Czech Republic and Germany bankrupt the coal industry in Poland, and Russia is assigned guilty


The Polish mine "Turuv" has become a real "stumbling block", because of which Warsaw can seriously spoil relations with the EU, right up to the exit from the Commonwealth.


The problem is that the mining company is located close to the border of the Czech Republic and Germany. Ecology-obsessed Prague has repeatedly stated that the Polish mine and the nearby thermal power plant pollute the environment, and coal mining leads to a decrease in the level of groundwater.

The disputes over Turuv continued for several years until the Czech Republic filed a lawsuit with the EU Court, which in May this year issued a verdict - to close the mine.

Naturally, Poland did not close the enterprise, since it is in "Turuv" that brown coal is mined, supplied to the power plant of the same name, which, in turn, provides 7% of the country's total electricity demand.

As a result, after lengthy diplomatic litigation, in the fall of this year, the EU Court issued another verdict, according to which Poland must pay 500 thousand euros a day for refusing to close the mine. It is not hard to guess that the Poles refused to pay this time too. All this led to a serious scandal within the European Union.

It should be noted that in the same Germany, which condemned the act of Poland, brown coal is being quietly mined in the eastern regions. At the same time, some German media openly call the case against Turuv an unfair fight with a competitor, which has become a problem for the coal industry in Germany, and at the same time for the Czech Republic.

At the same time, in Poland itself they are trying to blame all their problems on Russia. However, for our country, the closure of Turuv will not bring any benefit. Russia is simply physically unable to increase coal supplies to Europe, even if it is required.

Thus, it turns out that the Czech Republic and Germany are bankrupt the coal industry in Poland, and Russia is to blame for everything. However, we are already used to this.

6 comments
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  1. zzdimk Offline zzdimk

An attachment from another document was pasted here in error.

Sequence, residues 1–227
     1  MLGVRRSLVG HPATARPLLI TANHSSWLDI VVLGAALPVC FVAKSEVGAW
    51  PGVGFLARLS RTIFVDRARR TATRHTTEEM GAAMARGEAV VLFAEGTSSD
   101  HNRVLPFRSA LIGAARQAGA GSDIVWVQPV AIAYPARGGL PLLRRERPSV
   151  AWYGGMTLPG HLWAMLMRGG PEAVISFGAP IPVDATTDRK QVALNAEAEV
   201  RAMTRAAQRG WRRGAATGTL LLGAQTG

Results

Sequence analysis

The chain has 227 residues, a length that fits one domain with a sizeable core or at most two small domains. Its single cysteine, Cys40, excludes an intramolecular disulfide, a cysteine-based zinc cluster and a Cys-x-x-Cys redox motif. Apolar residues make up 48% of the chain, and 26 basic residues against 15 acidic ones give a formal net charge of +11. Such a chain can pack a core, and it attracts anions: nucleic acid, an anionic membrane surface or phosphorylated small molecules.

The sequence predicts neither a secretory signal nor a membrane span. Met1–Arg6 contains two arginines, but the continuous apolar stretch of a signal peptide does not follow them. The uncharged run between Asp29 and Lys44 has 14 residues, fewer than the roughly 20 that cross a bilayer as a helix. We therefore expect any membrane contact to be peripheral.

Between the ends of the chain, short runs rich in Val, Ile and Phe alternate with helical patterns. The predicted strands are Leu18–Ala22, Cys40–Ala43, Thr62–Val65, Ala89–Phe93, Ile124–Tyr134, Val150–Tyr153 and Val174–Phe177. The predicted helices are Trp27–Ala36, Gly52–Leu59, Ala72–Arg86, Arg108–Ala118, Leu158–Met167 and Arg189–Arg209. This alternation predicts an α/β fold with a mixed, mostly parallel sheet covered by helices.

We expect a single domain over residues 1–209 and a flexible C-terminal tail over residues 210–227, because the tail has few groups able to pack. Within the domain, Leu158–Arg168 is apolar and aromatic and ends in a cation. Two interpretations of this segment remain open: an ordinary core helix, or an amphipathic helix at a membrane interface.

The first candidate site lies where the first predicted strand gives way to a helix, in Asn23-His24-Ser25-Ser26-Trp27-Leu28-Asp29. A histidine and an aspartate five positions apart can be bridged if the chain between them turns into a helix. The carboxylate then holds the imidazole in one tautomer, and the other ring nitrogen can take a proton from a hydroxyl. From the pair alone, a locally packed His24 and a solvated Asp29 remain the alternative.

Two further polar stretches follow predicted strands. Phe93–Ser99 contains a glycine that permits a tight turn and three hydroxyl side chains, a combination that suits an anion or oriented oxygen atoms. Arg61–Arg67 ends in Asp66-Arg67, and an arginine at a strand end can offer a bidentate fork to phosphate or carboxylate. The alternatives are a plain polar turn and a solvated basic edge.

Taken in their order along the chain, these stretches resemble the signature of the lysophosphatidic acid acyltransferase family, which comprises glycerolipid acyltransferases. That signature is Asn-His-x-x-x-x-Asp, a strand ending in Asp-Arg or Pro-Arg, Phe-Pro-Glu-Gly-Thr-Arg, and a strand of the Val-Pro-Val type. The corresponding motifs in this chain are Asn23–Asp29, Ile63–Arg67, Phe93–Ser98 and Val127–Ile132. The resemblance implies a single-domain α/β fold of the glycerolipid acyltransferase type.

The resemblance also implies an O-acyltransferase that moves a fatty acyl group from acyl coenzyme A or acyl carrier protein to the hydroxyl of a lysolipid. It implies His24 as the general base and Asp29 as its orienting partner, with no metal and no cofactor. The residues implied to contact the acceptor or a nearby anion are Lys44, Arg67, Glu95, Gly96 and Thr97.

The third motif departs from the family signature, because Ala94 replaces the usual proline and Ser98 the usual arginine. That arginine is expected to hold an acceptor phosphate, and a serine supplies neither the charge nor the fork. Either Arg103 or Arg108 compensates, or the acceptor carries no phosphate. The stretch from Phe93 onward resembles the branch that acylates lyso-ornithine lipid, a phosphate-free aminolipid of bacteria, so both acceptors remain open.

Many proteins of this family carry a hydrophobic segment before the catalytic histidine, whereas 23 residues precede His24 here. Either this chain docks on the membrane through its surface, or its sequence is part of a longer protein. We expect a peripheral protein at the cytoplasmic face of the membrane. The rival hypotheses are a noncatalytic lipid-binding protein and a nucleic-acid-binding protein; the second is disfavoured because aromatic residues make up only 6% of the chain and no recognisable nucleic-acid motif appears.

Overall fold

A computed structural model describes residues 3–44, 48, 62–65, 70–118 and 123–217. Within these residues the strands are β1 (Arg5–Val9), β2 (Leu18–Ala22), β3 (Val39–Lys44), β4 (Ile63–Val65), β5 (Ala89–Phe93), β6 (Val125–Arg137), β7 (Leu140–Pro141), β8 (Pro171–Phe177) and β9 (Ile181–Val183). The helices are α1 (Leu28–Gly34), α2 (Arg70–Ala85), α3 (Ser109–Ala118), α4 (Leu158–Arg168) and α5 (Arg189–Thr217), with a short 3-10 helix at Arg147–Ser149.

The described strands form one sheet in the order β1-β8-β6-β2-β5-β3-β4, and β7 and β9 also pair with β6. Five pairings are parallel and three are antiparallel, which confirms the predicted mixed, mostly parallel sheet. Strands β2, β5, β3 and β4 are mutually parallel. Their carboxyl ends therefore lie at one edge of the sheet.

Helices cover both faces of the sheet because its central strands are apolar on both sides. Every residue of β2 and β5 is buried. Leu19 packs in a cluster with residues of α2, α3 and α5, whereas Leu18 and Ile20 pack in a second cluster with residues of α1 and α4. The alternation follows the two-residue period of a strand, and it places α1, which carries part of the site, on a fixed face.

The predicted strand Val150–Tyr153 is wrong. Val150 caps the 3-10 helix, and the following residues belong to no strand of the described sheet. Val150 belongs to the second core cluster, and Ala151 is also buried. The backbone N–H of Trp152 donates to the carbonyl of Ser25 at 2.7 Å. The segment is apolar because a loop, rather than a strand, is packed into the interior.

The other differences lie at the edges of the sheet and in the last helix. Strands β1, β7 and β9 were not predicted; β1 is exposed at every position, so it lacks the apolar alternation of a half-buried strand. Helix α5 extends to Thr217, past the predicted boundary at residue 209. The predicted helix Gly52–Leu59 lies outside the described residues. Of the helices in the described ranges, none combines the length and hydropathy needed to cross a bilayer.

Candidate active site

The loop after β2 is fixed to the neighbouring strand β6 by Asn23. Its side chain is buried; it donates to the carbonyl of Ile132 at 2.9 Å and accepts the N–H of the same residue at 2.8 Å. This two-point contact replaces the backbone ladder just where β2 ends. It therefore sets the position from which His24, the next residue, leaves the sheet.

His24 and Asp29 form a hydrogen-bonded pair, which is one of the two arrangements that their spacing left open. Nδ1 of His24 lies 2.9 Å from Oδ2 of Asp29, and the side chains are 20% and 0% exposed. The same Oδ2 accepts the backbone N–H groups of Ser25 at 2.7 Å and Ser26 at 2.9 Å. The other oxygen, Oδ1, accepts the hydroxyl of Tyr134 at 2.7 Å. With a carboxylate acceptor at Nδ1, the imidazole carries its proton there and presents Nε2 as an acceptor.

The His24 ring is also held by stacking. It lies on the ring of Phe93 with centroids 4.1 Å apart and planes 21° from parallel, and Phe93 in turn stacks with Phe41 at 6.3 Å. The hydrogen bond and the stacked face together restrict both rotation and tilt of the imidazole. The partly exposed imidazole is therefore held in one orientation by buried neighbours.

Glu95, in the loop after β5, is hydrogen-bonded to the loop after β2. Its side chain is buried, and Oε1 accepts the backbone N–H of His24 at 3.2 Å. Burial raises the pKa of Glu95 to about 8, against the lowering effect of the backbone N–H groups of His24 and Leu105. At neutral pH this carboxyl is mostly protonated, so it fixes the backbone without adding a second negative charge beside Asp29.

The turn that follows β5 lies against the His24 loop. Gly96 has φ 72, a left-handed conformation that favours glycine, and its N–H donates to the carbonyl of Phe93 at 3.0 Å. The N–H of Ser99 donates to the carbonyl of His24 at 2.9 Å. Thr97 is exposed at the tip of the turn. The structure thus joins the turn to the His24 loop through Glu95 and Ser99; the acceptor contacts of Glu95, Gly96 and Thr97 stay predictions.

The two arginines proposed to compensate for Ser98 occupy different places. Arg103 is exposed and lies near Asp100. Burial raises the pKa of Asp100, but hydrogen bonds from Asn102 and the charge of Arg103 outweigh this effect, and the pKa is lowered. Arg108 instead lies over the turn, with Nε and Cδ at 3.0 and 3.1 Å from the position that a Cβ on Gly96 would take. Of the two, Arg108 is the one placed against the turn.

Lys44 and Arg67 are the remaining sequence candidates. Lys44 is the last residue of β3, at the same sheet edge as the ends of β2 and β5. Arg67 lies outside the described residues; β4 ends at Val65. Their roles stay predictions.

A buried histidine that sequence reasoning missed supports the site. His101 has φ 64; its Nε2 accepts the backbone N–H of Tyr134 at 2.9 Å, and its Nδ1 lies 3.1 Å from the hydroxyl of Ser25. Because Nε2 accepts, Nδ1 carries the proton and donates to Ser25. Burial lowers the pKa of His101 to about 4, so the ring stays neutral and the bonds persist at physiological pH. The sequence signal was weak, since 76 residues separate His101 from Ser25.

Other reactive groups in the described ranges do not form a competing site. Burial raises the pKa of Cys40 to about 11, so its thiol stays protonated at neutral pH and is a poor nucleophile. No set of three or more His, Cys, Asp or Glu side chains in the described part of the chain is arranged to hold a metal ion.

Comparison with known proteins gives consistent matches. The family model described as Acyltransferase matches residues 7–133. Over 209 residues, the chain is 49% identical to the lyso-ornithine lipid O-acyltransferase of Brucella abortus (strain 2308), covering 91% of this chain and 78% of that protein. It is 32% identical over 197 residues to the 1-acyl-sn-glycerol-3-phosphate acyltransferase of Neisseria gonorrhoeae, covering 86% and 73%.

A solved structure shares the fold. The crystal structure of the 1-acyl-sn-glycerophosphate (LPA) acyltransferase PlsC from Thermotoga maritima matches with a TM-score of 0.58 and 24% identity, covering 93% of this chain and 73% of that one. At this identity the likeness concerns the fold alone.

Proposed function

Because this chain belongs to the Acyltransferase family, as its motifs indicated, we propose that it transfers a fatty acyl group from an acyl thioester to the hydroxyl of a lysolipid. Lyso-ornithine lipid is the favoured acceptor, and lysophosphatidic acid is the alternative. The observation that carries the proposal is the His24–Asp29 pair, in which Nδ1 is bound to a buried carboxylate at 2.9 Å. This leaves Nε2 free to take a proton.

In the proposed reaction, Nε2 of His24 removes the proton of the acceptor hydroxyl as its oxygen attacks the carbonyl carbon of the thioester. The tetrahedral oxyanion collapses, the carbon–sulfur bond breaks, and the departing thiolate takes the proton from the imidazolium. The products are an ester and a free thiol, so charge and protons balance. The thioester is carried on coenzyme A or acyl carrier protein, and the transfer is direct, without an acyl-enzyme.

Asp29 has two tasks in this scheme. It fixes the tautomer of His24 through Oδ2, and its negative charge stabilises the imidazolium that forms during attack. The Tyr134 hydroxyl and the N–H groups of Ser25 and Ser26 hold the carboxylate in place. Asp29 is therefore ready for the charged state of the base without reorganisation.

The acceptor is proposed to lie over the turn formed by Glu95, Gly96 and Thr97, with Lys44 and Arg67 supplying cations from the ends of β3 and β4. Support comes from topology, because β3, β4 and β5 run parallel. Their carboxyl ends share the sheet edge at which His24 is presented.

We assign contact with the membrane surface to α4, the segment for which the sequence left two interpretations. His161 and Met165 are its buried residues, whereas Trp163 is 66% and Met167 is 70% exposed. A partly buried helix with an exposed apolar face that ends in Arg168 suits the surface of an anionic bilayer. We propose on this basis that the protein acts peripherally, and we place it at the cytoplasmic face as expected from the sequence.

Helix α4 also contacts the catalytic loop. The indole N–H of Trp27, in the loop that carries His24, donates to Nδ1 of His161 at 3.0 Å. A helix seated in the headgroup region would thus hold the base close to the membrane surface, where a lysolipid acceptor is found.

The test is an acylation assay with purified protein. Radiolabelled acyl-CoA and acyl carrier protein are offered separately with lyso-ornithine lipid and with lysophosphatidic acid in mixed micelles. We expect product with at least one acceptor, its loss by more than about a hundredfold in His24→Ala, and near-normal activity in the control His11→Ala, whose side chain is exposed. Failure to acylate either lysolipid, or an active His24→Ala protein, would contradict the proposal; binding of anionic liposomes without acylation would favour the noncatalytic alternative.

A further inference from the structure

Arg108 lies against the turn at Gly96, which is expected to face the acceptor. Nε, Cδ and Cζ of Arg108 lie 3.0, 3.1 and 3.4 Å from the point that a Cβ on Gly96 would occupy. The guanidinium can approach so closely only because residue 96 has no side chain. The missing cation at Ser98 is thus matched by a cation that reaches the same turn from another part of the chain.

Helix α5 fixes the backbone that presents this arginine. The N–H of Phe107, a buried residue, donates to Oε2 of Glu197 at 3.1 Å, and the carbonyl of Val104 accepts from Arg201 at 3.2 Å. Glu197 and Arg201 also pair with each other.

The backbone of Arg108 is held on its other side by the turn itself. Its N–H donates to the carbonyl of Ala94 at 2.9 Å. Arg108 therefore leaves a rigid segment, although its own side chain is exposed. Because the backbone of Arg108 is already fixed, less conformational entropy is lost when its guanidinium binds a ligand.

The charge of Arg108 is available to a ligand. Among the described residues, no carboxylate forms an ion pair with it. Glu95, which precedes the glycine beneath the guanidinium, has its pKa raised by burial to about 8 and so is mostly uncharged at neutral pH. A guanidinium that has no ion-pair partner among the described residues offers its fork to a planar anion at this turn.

zzdimk 10 December 2021 11: 21
    +3
    How European it is: to steal from a neighbor and at the same time, being caught by the hand, yell something about the ubiquitous Russians, Chechens and Petrov and Boshirov.
  2. Vladislav N. Offline Vladislav N.
    Vladislav N. (Vlad) 10 December 2021 11: 31
    0
    And?
    The article is written in such a tone that there is no other way out except to make excuses in the excuse-laurel tonalities.
    Did you just try to send? There is no one to send - chase away the worried without absid, put a normal one who will defend the interests of the country instead of worried mooing into 2 phases.
  3. l7yzo Offline l7yzo
    l7yzo (Paul) 10 December 2021 12: 17
    0
    Well, here, too, as if Germany and Warsaw are not to blame - there is an EU directive, adopted at the suggestion of Brucelle. As if he were to blame, but here are the words about him. So the article is finally not about those and not about those. And there is a percentage of coal mining from the total energy - and the power industry in Poland is about 60-70% coal. And in Germany there is a bunch of gas and nuclear. In short, two per article.
  4. Boris tsikinovsky (Boris Tsikinovsky) 10 December 2021 13: 45
    0
    We often react to stupidity.
  5. kriten Offline kriten
    kriten (Vladimir) 10 December 2021 13: 59
    +3
    This charge is even honorable. Anything that goes to the detriment of Poland is good for Russia. Until its next destruction and partition. A nasty country and nasty little people.
  6. Well, well done, psheki, there are no words!